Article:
Translating Keely.

Keely always maintained that his system was truly wonderful in its simplicity. Few people ever saw anything simple in what he said. But then few people ever looked up the obscure words Keely used as a matter of habit.

I remember sitting as a young boy over a copy of Caesar's 'De bello gallico' and with the aid of a dictionary trying to extract some meaning from the jumble of alien words that confronted me.

It was not until years later, when I was considerably better at it, that I sat down and read the book in the original Latin just for fun. Suddenly something magical happened. I had studied Ceasar's exploits in Galle and all his other deeds at length, as was required in those days, but it was not until I read his words in his own language without having to translate that the man became real to me as a person, not as some historical figure I had to study to obtain my grades.

I had to do much the same with Keely.

Keely spoke in the language of an 18th century organ builder. If you don't believe me, find a book on organ building of that period and you'll be in for a treat. 400 pages of pure unadulterated Keelyspeak.

He must have been a dreadful bore to those around him, for much of his bombastic language was totally unnecessary. True he had to invent a technical language to explain his findings, but much of it was simply the character of the man. He was not a good communicator. Often he was his own worst enemy by the way he spoke. He would try to explain something and people did not understand. Keely then would lose patience and could be quite rude to honest people that were genuinely trying to comprehend what he was saying.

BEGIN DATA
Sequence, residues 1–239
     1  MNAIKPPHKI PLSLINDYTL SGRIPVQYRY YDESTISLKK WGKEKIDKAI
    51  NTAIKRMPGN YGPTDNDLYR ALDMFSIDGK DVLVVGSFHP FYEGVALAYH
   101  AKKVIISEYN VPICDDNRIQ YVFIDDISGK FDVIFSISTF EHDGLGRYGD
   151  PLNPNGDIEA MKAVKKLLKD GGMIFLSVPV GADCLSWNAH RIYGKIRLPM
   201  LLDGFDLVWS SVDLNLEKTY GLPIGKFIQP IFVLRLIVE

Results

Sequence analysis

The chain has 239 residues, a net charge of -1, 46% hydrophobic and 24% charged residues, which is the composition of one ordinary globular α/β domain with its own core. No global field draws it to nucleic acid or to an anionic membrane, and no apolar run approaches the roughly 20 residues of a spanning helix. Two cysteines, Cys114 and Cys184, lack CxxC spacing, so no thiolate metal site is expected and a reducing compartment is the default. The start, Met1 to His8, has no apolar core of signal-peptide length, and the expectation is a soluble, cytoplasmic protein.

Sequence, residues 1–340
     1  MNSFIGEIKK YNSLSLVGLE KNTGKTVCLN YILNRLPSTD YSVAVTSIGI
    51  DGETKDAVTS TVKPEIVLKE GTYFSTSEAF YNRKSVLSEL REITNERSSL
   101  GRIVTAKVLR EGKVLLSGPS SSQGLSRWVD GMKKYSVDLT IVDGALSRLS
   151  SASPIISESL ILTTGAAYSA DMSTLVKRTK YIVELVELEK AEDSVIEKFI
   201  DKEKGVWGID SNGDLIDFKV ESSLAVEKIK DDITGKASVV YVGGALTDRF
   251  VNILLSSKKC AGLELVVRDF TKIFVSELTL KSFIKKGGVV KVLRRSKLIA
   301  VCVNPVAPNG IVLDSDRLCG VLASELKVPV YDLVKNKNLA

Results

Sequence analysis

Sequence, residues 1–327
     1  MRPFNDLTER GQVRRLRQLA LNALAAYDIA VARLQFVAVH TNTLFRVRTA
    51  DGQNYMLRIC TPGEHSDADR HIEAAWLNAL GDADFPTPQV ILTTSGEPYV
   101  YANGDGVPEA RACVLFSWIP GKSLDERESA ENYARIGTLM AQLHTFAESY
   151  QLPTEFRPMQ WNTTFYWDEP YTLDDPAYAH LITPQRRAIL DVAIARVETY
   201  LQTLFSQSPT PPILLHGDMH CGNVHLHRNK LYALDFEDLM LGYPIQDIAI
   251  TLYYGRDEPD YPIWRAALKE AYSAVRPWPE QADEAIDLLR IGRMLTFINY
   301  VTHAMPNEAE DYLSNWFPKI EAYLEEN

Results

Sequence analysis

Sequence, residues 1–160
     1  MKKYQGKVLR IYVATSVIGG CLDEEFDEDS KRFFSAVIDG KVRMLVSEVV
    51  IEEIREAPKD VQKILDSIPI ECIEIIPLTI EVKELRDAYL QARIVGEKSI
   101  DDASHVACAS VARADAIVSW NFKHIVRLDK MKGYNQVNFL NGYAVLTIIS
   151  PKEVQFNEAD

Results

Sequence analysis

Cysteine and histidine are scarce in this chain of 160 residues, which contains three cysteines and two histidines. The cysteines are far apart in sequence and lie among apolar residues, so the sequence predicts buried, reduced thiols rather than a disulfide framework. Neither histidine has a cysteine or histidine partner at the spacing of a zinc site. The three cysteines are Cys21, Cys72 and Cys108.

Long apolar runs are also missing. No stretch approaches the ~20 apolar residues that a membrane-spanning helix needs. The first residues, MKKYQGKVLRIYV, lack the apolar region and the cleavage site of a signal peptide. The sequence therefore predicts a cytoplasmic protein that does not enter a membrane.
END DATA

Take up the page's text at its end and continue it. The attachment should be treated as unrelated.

This made him many enemies. And it made him enemies where it counted, for often the recipients of his rudeness were the scientists and reporters of his day, people he should have been on amicable terms with.

Many of Keely's difficulties in life were simply a result of how he spoke to those around him.

Much of what Keely said dealt with harmonic relationships and the difficulties he had graduating his machines in order to establish the wavepatterns he needed.

Since we are first trying to establish the underlying principle we ignore all that for the moment as it is not helpful here.

What is left falls into two categories.

1 ) What Keely OBSERVED.

2) How he tried to EXPLAIN what he observed.

I do not doubt any of his observations. Keely was a meticulous and brilliant experimenter and I do not think he ever spoke an untrue word about his observations, that being sacred to him.

His theories are something else.

Keely had massive problems with his contemporaries. He had made certain discoveries in relation to resonance that enabled him to create phenomena that could not be explained with orthodox scientific concepts of the day.

People wanted an explanation. The pressures to present a coherent theory that covered all aspects of his findings were enormous.

In the end, to satisfy these demands, he tried to squeeze his observations into some metaphysical model that simply is inadequate. His 'triune stream' for instance, that he sees as "the cerebral emanations of the Creator" (his words, not mine) is not a helpful analogy.

Keely tells us everything. There is nothing estoric in what he did.

The reason no-one to date has been able to duplicate Keely's machines is the almost unbelievable precision with which he built his devices!

No-one today can raise the funds required to duplicate what he achieved by mechanical means. In today's money Keely spent many millions of dollars building and perfecting his machines. The cost of duplicating his devices with the precision Keey did is nowadays prohibitive.

But there is hope. By using electronics for much that Keely had to do with mechanics we can and will duplicate his motor!

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Hans von Lieven, copyright 1999